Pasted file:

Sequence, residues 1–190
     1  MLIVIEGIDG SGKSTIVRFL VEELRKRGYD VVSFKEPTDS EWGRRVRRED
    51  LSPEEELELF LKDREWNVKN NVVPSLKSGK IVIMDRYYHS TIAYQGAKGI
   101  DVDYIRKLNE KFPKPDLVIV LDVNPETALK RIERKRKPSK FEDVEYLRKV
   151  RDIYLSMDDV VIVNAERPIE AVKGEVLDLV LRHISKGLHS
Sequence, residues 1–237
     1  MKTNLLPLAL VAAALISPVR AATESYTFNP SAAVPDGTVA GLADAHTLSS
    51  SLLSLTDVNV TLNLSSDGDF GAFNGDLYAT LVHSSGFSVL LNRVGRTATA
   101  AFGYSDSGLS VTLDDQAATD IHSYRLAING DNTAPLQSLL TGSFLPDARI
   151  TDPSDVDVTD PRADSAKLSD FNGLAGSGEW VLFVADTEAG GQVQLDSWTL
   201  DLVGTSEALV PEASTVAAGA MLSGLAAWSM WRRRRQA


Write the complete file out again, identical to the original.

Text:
Sequence, residues 1–190
     1  MLIVIEGIDG SGKSTIVRFL VEELRKRGYD VVSFKEPTDS EWGRRVRRED
    51  LSPEEELELF LKDREWNVKN NVVPSLKSGK IVIMDRYYHS TIAYQGAKGI
   101  DVDYIRKLNE KFPKPDLVIV LDVNPETALK RIERKRKPSK FEDVEYLRKV
   151  RDIYLSMDDV VIVNAERPIE AVKGEVLDLV LRHISKGLHS
Sequence, residues 1–237
     1  MKTNLLPLAL VAAALISPVR AATESYTFNP SAAVPDGTVA GLADAHTLSS
    51  SLLSLTDVNV TLNLSSDGDF GAFNGDLYAT LVHSSGFSVL LNRVGRTATA
   101  AFGYSDSGLS VTLDDQAATD IHSYRLAING DNTAPLQSLL TGSFLPDARI
   151  TDPSDVDVTD PRADSAKLSD FNGLAGSGEW VLFVADTEAG GQVQLDSWTL
   201  DLVGTSEALV PEASTVAAGA MLSGLAAWSM WRRRRQA